James F. Mills
The Annenberg Theatre may very well be Palm Springs’ community center. Located within the Palm Springs Art Museum, the 433-seat Annenberg attracts a diverse group of people for a wide range of events.
“We really are a vibrant community cultural center,” reports Bob Bogard, director of marketing and communication for the Palm Springs Art Museum. “We, of course, use it for theatrical performances, but we also do concerts here, have film screenings, host lecture series, even put on a cabaret show on the stage. Many different things happen here that attract many different people.”
The gay community especially seems to love the Annenberg Theatre. “We’re popular with the locals in general, but shows that cater to the gay community always do extremely well,” says Bogard. Named for TV Guide founder Walter Annenberg who provided the bulk of the construction money, the Annenberg Theatre opened in 1976 to raves from performers and the public alike who love the intimate feel and acoustically perfect nature of the room.
Broadway star Brian Stokes Mitchell just opened the 2011-2012 season two weeks ago. Two-time Tony-winner Christine Ebersole is performing on Friday, Dec. 2. Come January, Freda Payne, best known for her Top 10 hit “Band of Gold,” will be there. And then in April, Tony-nominated actresses Liz Callaway and Ann Hampton Callaway, better known as The Callaway Sisters, are returning after last year’s sold-out show. “We work with several talent bookers, so we get a lot of people on their way up and plenty of long established stars as well,” says Bogard. “We try to provide a cultural opportunity and make a small profit.”
Aside from the programs they book, the theatre rents out the space to many other groups, thus keeping the room in regular use. The upcoming Sparkle: All-Star Holiday Show to benefit the Desert AIDS Project is there on Dec. 7. Several other holiday shows are booked there as well. Thursday nights are always popular at the Museum. Free to the public between 4-8 p.m. on Thursdays, people often drop in the museum while attending Village Fest, the weekly arts and crafts fair held on nearby Palm Canyon Drive. And then they stay for a movie. Every Thursday night, the Annenberg has a free movie screening. Over the summer, they had a series of classic comedies. Currently, they’re doing a foreign film series called Global Lens, featuring international movies that likely would never screen in Palm Springs otherwise.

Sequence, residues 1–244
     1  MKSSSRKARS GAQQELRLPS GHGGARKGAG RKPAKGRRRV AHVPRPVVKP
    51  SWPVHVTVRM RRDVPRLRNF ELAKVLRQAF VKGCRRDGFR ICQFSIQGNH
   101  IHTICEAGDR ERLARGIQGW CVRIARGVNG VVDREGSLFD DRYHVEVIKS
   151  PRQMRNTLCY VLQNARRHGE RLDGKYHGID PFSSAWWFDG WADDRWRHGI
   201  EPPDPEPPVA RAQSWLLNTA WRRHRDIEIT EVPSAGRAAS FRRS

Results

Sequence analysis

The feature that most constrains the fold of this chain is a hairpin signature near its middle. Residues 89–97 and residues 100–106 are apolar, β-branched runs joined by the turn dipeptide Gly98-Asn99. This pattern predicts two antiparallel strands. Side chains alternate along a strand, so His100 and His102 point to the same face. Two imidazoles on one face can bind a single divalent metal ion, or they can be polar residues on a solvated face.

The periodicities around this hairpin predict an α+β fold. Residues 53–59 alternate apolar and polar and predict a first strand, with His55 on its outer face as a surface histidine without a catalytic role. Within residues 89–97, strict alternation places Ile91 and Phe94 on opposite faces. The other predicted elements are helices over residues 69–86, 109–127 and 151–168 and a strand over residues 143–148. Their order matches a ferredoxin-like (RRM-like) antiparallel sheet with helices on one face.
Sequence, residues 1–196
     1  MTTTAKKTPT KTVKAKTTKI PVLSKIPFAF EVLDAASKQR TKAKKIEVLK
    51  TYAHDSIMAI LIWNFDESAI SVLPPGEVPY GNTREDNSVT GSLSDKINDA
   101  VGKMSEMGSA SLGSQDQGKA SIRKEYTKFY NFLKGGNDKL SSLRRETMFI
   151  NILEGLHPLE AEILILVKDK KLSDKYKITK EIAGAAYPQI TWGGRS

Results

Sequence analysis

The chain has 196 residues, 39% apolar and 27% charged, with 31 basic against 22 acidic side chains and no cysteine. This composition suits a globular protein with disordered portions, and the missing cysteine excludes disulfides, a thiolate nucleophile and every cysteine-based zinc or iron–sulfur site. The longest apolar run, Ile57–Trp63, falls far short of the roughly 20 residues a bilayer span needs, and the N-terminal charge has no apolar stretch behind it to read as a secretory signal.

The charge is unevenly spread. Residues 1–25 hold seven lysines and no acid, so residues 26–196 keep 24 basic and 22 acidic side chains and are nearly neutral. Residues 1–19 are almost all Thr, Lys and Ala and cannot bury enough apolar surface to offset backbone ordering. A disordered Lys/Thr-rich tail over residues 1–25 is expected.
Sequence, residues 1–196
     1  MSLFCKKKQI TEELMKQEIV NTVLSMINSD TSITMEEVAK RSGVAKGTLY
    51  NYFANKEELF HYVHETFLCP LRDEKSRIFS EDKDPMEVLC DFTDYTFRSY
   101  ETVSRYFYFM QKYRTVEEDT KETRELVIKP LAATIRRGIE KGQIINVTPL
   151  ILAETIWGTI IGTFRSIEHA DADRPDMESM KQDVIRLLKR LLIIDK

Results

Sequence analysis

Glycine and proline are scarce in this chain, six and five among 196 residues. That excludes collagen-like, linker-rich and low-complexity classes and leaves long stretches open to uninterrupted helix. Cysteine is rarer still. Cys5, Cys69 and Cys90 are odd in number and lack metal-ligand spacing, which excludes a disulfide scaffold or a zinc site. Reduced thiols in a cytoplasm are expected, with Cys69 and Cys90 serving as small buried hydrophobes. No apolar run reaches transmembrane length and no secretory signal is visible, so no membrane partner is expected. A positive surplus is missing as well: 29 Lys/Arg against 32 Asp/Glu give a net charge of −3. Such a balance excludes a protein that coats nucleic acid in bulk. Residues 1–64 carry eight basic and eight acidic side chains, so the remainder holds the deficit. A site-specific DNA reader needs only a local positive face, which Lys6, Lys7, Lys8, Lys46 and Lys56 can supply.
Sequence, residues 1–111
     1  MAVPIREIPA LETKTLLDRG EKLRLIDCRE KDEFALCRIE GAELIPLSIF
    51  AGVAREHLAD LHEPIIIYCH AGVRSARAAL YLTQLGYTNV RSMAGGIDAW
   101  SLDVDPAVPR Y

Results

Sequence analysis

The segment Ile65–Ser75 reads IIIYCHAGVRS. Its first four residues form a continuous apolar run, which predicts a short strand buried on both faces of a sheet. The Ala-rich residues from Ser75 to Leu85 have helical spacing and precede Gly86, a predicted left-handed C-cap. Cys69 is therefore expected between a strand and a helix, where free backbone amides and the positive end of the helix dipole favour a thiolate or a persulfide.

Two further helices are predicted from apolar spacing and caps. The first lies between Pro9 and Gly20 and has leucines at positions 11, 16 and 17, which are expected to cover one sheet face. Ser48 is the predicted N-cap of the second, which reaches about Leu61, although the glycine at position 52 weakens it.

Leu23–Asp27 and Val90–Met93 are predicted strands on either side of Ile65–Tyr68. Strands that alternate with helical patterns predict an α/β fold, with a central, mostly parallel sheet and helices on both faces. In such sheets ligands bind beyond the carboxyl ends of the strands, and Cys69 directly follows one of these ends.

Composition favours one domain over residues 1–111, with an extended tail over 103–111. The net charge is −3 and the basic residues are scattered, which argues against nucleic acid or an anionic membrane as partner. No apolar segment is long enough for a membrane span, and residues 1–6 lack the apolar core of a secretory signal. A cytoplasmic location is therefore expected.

But the hot ticket in town is to their Cabaret 88 shows. It’s hot because there are so few tickets available. Named for the 88 keys on the piano, they set up a piano on stage and put 88 chairs around it. “It’s an incredibly intimate show that people love and the performers love too. It always sells out in minutes,” Bogard says. “People keep asking us why they don’t do it in the seats so more people can attend, but then that becomes a performance rather than a cabaret. And we want to keep it intimate and special.”